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Case Reports in Neurological Medicine
Volume 2013 (2013), Article ID 310854, 2 pages
Case Report

Recovery after Delayed Surgery in a Case of Spinal Subdural Hematoma

1Department of Neuroscience, Division of Neurosurgery, University of Brescia, Piazza Spedali Civili, 25123 Brescia, Italy
2Department of Neuroscience, Division of Neurosurgery, University of Torino, 10126 Torino, Italy

Received 4 December 2012; Accepted 28 December 2012

Academic Editors: K. Arnautovíc, Ö. Ateş, S. T. Gontkovsky, J. C. Kattah, and V. Rajajee

Copyright © 2013 Pier Paolo Panciani et al. This is an open access article distributed under the Creative Commons Attribution License, which permits unrestricted use, distribution, and reproduction in any medium, provided the original work is properly cited.


Spinal chronic subdural hematoma (SCSH) is a rare pathology usually associated with trauma or hematological alterations or is due to iatrogenic causes; rarely SCSH can be spontaneous. We report a case of a 79-year-old female who underwent a surgical evacuation of a spontaneous SCSH one year after diagnosis. She presented with a severe paraparesis and showed a considerable improvement in sensory-motor performances after surgery. The treatment of spontaneous SCSH is not well defined and universally accepted. Early surgery is mandatory in cases presenting with severe deficits. To the best of our knowledge, this is the first case showing a good outcome in a case of SCSH following a delayed surgery. In our opinion, an aggressive approach should be considered as a viable option in cases of spontaneous SCSH even after a lasting spinal cord compression.

1. Introduction

Spinal chronic subdural hematoma (SCSH) is an uncommon and often misdiagnosed pathology of the spinal cord. The etiology is usually related to trauma, iatrogenic causes (i.e., lumbar puncture), and hematological disorders. Rarely, the onset can be spontaneous. As a matter of fact, only 6 cases of spontaneous SCSH are reported in the literature [1, 2]. In case of spontaneous occurrence, the therapeutic attitude is not well defined and universally accepted. A conservative approach should be preferred in patients with mild neurological deficits or with surgical contraindications. On the other hand, in severe cases and when feasible, surgery allows to avoid worsening or chronic persistence of neurological deficits [2]. An early evacuation is generally suggested. In the literature only one case of delayed surgical treatment is reported. It was performed two months after diagnosis and a slight improvement of neurological deficits was observed [2]. We report a case of spontaneous SCSH. Surgery was performed one year after the occurrence of an acute spinal hematoma. Nevertheless, the patient had a significant improvement of her neurological conditions.

2. Case Report

In January 2009, a 79-year-old female presented to a hospital without neurosurgery service for the sudden onset of flaccid paraplegia and urinary retention. The magnetic resonance imaging (MRI) showed an acute spinal hematoma, extended from C5 to D6, causing a severe cord compression. The physicians decided a conservative treatment and the patient underwent a rehabilitative program.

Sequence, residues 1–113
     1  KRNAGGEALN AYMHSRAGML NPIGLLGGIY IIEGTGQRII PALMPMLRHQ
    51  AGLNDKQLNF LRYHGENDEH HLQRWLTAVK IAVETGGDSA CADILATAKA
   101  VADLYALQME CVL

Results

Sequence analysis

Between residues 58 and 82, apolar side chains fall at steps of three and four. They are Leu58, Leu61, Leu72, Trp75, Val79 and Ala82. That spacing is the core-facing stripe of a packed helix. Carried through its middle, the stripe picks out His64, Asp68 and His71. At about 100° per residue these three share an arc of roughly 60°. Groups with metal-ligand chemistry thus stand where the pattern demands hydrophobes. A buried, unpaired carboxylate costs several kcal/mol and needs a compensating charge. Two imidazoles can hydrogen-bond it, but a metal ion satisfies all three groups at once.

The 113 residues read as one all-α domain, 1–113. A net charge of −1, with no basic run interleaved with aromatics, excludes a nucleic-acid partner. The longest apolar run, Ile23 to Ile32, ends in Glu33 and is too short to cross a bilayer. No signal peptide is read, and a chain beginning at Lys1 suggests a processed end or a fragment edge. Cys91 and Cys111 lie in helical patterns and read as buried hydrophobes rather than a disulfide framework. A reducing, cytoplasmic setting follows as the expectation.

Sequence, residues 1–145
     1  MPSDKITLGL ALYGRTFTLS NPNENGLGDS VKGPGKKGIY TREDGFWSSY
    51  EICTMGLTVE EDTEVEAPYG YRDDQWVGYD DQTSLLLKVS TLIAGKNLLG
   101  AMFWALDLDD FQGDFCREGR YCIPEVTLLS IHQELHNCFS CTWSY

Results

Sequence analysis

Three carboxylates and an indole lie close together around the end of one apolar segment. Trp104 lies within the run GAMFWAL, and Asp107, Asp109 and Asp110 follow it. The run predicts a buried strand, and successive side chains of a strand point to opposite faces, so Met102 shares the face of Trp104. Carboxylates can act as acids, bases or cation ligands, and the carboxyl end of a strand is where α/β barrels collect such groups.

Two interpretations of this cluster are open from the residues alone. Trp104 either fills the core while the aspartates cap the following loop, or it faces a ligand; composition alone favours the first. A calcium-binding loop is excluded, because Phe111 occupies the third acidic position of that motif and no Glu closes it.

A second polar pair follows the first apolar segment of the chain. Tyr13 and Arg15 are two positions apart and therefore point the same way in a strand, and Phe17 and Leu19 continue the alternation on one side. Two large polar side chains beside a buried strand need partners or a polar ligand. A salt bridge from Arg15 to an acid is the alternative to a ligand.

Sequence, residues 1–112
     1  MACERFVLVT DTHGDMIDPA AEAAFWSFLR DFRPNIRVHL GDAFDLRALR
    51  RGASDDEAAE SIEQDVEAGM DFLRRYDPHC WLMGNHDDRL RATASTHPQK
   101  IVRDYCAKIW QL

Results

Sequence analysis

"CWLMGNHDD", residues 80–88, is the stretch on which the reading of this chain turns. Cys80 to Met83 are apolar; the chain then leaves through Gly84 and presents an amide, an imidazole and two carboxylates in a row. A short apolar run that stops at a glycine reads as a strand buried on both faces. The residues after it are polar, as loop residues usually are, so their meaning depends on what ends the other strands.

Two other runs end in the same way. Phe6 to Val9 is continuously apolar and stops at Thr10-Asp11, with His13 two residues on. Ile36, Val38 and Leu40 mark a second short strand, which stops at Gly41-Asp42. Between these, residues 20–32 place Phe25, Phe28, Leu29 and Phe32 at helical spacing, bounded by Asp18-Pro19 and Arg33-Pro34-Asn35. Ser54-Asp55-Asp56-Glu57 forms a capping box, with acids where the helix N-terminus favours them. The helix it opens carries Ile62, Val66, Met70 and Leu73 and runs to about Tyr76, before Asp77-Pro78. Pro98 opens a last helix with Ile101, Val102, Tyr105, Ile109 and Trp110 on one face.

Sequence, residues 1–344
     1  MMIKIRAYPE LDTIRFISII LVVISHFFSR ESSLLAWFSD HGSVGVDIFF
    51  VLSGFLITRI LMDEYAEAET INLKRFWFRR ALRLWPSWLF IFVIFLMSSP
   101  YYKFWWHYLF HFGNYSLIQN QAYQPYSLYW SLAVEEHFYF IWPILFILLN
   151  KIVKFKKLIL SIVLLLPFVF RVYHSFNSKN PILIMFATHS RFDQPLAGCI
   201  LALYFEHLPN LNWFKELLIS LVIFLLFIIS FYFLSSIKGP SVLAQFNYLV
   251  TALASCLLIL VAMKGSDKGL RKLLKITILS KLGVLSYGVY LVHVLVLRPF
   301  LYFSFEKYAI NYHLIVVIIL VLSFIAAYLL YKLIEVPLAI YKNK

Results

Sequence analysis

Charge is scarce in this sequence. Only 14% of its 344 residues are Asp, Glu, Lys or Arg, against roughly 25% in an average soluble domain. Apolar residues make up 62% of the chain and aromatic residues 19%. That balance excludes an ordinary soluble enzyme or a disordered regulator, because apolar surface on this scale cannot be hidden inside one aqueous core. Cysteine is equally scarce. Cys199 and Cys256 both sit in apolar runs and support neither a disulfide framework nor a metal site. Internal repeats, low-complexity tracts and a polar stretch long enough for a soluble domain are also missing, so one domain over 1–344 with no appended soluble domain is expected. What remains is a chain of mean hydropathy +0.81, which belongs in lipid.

She achieved a poor improvement in limb strength and sphincter functions. One year later, the patient presented to our hospital with severe paraparesis, complete anesthesia from the mammillary line, and double sphincter dysfunction. MRI showed a cervicothoracic SCSH (Figures 1(a)-1(b)). She underwent a surgical evacuation of the hematoma through D5 left hemilaminectomy. The fluid drained showed a subdural hygroma and no signs of rebleeding were found. The bacterial culture showed no signs of infection.

Figure 1: T-2 weight sagittal (a) and T-1 weight axial (b) MRI showing the cervicothoracic SCSH. A severe cord compression is observed.

The sensory-motor performances improved since the first postoperative day. After one week, we observed a residual slight hyposthenia of lower limbs and a partial recovery of tactile sensitivity. The patient was discharged nine days after surgery and admitted to a rehabilitation center. After six months, the patient started to walk with a minimal assistance.

3. Discussion

The management of SCSH is still debated. Spontaneous spinal epidural hematoma generally requires an urgent surgical evacuation [3]. The indication of surgery for acute subdural hematoma needs to be clarified, even if the majority of cases in literature had surgical decompression [4]. On the other hand, in case of chronic subdural hematoma, especially in elderly, a conservative approach could be attempted.

In our experience, the rehabilitative program failed to ensure a long-term benefit. Therefore, we decided to perform a surgical approach that allowed to obtain, in a short time, a good recovery in sensory-motor functions. No signs of acute bleeding were found and the bacterial culture ruled out an infectious pathogenesis.

The good outcome was achieved despite a delayed surgery. The other case of delayed surgery reported in the literature confirms the possible advantages of this management [2]. Therefore, in case of SCSH presenting with neurological deficits, we suggest an aggressive approach, when feasible, even after one year from diagnosis.


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